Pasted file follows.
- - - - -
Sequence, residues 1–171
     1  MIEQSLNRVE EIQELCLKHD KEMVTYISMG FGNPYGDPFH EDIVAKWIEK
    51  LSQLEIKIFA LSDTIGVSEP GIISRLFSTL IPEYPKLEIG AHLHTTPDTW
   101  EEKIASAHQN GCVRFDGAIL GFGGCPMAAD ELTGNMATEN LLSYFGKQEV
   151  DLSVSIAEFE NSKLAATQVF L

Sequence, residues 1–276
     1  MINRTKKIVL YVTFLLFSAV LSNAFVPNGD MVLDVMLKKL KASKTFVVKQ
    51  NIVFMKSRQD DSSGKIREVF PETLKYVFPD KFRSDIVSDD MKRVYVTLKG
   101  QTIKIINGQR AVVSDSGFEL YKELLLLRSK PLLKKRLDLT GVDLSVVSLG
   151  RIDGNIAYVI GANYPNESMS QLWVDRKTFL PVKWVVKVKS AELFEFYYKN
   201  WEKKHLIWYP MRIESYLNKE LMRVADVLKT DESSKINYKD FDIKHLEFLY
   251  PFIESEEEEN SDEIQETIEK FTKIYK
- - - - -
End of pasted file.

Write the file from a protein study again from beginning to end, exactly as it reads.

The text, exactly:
Sequence, residues 1–171
     1  MIEQSLNRVE EIQELCLKHD KEMVTYISMG FGNPYGDPFH EDIVAKWIEK
    51  LSQLEIKIFA LSDTIGVSEP GIISRLFSTL IPEYPKLEIG AHLHTTPDTW
   101  EEKIASAHQN GCVRFDGAIL GFGGCPMAAD ELTGNMATEN LLSYFGKQEV
   151  DLSVSIAEFE NSKLAATQVF L

Sequence, residues 1–276
     1  MINRTKKIVL YVTFLLFSAV LSNAFVPNGD MVLDVMLKKL KASKTFVVKQ
    51  NIVFMKSRQD DSSGKIREVF PETLKYVFPD KFRSDIVSDD MKRVYVTLKG
   101  QTIKIINGQR AVVSDSGFEL YKELLLLRSK PLLKKRLDLT GVDLSVVSLG
   151  RIDGNIAYVI GANYPNESMS QLWVDRKTFL PVKWVVKVKS AELFEFYYKN
   201  WEKKHLIWYP MRIESYLNKE LMRVADVLKT DESSKINYKD FDIKHLEFLY
   251  PFIESEEEEN SDEIQETIEK FTKIYK